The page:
In Plaintext: Electronic Profiling in Public Online Spaces

In Plaintext: Electronic Profiling in Public Online Spaces

Shalin Hai-Jew (Kansas State University, USA)
Copyright: © 2014 |Pages: 34
DOI: 10.4018/978-1-4666-5137-1.ch011
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Abstract

People have long gone online to groom their online identities, to communicate some aspects of themselves in the real. The information shared is purposive and strategic. Inevitably, the information is selective and incomplete. The cyber may evoke something about the physical only to a degree, in the cyber-physical confluence. In an asymmetrical information environment, those who have the most accurate and requisite information often have the advantage. It is said that much of intelligence is conducted using Open-Source Intelligence (OSINT), which suggests a need for reading between the lines of publicly released information; indeed, much of life is conducted in online public spaces. A number of tools enable the extraction and analysis of information from public sites. When used in combination, these tools may create a fairly clear sense of the online presences of various individuals or organizations or networks online for increased transparency. This chapter describes some of the tools (Maltego Radium™ and Network Overview, Discovery, and Exploration for Excel/NodeXL™) that may be used to increase the knowability of others in the creation of various profiles. This includes some light applications of “inference attacks” based on publicly available information. Further information may be captured from the Hidden Web through tools designed to crawl that understructure, and this potential is addressed a little as well.
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Introduction

A related trend of our times is that troves of dossiers on the private lives and inner beings of ordinary people, collected over digital networks, are packaged into a new private form of elite money. The actual data in these troves need not be valid. In fact, it might be better that it is not valid, for actual knowledge brings liabilities. -- Jaron Lanier in Who Owns the Future? (2013, p. 108)

Correlation of seemingly innocuous information can create inference chains that tell much more about individuals than they are aware of revealing. -- Gerald Friedland, Gregor Maier, Robin Sommer, and Nicholas Weaver’s “Sherlock Holmes’ Evil Twin: On the Impact of Global Inference for Online Privacy” (2011)

In professional lives, opportunities to collaborate with others arise with fair regularity, including with organizations and individuals about whom one has no direct prior experiences. While most have an interest in maintaining some basic public-facing profiles and do share information strategically through the WWW and Internet. These public electronic realms are high-noise environments, with the concomitant challenges of clear sense-making and accurate signals detection. The problem is how to more accurately read online signaling to create effective electronic profiles.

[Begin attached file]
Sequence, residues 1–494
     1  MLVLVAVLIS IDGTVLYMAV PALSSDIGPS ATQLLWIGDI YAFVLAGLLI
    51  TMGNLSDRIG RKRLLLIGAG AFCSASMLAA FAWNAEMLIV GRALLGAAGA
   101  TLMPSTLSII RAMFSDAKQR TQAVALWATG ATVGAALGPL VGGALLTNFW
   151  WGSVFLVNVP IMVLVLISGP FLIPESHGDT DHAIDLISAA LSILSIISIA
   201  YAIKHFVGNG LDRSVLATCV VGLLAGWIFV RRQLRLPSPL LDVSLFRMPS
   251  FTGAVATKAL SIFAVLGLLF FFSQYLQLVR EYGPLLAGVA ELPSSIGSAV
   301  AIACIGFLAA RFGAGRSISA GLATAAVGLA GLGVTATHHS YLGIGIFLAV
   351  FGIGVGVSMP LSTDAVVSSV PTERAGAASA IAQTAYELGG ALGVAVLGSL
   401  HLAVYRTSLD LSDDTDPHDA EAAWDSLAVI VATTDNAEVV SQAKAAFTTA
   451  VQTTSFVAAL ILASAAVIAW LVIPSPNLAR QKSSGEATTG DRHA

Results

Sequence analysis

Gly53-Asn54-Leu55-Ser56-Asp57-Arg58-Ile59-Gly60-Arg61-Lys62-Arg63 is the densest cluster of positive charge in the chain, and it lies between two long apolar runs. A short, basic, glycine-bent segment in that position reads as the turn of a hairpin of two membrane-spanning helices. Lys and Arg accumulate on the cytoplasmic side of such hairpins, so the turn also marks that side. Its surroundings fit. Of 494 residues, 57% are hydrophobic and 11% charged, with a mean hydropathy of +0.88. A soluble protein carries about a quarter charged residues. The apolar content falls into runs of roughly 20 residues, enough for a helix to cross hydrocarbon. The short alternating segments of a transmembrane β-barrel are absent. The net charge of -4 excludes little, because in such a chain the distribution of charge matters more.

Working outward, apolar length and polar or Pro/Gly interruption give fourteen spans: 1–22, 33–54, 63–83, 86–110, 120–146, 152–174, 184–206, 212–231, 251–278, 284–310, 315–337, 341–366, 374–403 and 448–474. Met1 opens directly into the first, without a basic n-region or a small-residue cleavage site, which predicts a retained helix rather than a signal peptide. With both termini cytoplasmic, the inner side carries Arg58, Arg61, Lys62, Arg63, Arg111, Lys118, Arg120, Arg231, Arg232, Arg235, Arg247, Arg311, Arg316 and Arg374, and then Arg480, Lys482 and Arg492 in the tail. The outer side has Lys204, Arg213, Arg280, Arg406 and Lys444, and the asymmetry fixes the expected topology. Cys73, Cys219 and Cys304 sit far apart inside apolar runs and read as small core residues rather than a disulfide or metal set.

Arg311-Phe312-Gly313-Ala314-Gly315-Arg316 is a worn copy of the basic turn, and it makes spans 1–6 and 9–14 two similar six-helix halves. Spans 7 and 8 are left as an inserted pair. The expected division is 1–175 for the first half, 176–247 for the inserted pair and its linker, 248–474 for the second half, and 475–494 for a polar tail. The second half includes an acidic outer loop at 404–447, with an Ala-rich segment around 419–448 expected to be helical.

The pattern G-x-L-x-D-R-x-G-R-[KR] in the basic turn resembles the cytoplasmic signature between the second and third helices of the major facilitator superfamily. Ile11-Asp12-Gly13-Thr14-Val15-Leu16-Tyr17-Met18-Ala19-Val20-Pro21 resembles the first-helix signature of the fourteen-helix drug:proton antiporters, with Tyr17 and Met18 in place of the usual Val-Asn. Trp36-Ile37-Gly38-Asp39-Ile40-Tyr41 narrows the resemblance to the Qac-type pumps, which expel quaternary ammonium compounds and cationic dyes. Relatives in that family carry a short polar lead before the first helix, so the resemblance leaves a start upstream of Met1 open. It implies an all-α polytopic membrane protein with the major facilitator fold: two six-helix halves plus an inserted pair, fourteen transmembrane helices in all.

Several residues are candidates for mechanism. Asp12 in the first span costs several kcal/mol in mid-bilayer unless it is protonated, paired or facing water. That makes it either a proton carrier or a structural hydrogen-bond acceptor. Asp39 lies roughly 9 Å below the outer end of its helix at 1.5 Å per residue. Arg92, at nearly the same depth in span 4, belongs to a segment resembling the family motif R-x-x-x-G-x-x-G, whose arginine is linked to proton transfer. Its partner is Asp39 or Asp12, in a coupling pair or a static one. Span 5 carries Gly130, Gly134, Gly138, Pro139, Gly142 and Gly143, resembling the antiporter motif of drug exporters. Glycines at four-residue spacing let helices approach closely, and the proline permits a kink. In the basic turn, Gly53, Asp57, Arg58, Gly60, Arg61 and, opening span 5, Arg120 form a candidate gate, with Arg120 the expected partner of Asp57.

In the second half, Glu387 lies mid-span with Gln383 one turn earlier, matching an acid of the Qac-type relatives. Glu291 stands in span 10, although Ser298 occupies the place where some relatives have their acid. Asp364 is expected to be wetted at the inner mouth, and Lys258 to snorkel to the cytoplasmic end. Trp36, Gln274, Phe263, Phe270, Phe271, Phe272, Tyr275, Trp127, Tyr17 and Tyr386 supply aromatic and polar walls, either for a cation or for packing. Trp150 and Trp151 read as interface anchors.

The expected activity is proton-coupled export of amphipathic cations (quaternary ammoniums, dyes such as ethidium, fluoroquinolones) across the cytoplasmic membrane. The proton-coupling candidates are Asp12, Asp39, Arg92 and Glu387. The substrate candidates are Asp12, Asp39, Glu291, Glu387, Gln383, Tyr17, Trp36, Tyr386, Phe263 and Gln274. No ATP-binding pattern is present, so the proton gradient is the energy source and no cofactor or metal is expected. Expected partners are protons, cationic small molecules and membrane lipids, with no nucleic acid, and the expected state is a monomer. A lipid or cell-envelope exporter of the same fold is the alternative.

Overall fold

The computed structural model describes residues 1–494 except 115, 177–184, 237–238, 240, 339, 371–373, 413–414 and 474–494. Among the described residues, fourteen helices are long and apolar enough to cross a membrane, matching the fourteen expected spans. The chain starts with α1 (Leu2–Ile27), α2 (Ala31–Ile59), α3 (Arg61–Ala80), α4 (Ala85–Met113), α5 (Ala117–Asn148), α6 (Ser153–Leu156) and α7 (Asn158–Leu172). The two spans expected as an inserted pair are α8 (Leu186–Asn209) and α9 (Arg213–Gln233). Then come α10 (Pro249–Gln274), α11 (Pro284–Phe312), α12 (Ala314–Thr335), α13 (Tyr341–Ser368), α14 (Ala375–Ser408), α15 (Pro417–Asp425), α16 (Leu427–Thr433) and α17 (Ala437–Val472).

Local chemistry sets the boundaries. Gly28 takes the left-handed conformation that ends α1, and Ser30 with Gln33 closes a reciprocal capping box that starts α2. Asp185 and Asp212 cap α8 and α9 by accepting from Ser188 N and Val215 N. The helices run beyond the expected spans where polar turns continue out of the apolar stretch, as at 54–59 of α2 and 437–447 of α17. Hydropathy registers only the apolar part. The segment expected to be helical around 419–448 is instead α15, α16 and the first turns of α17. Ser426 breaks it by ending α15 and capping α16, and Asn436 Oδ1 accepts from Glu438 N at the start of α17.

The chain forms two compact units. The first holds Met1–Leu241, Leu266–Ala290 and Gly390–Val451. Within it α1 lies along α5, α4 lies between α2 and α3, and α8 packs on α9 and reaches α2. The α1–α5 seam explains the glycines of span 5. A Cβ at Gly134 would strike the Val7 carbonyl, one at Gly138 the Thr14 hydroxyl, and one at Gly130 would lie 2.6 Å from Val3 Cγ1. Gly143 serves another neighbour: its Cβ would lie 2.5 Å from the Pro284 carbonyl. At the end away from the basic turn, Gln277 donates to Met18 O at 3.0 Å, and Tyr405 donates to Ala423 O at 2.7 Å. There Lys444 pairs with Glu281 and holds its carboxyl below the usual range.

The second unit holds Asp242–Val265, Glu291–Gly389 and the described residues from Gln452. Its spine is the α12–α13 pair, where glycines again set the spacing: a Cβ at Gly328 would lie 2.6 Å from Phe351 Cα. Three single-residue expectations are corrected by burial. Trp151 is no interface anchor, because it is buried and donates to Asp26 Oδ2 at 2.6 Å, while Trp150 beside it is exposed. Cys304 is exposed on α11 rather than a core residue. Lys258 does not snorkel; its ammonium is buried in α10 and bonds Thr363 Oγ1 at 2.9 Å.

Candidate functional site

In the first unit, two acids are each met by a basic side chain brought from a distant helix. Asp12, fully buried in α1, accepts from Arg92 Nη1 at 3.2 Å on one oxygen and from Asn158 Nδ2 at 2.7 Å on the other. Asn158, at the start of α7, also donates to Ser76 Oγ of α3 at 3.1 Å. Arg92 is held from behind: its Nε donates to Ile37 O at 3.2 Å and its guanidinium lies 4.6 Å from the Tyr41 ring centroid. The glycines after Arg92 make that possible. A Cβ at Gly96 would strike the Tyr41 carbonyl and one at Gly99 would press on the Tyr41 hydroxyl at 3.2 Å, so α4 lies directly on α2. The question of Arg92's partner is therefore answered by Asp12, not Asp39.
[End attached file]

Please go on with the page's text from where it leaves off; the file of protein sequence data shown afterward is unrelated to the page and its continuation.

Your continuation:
The value of consuming others’ self-authored contents is limited because most people offer information that shows themselves in optimal light. Even when individuals are fully candid, self-reportage is limited because of human limitations in perception and cognition; for example, people have been found to employ “an unconscious defense mechanism used to reduce anxiety by denying thoughts, feelings, or facts that are consciously intolerable” (Varki & Brower, 2013, p. 17), which suggests that any information that threatens the ego will often be disavowed or ignored. Donath (2007) differentiates between inherently reliable signals [such as index signals (directly related to traits), and “strategic” or “handicap” signals (costly to produce to show the capability of the signaler to afford such “wastage”; theoretically sufficiently costly to outweigh potential signals of deceptively producing such a signal)] and less reliable ones [such as “conventional” signals in human communications, which have an arbitrary relationship between the signal and the actual underlying quality] (Donath, 2007, p. 234). This author makes the point that “very few signals are impossible to fake” given human ingenuity (Donath, 2007, p. 234). Conventional signals are then less reliable because they are open to deceptive manipulations (Shami, Ehrlich, Gay, & Hancock, 2009). These signals are a common feature of social grooming or “fronting.” Online depictions are a form of cheap vs. costly signaling. Greenberg (2012) writes:

Forget these conflicting parallel realities. The Internet is neither fundamentally private nor fundamentally public, anonymous or onymous. Those who behave a certain way online and use certain services will have no privacy, while those who behave another way and use other services can be very, very hard to identify—harder to identify now, in many ways, than ever in communication’s history (pp. 6 - 7).

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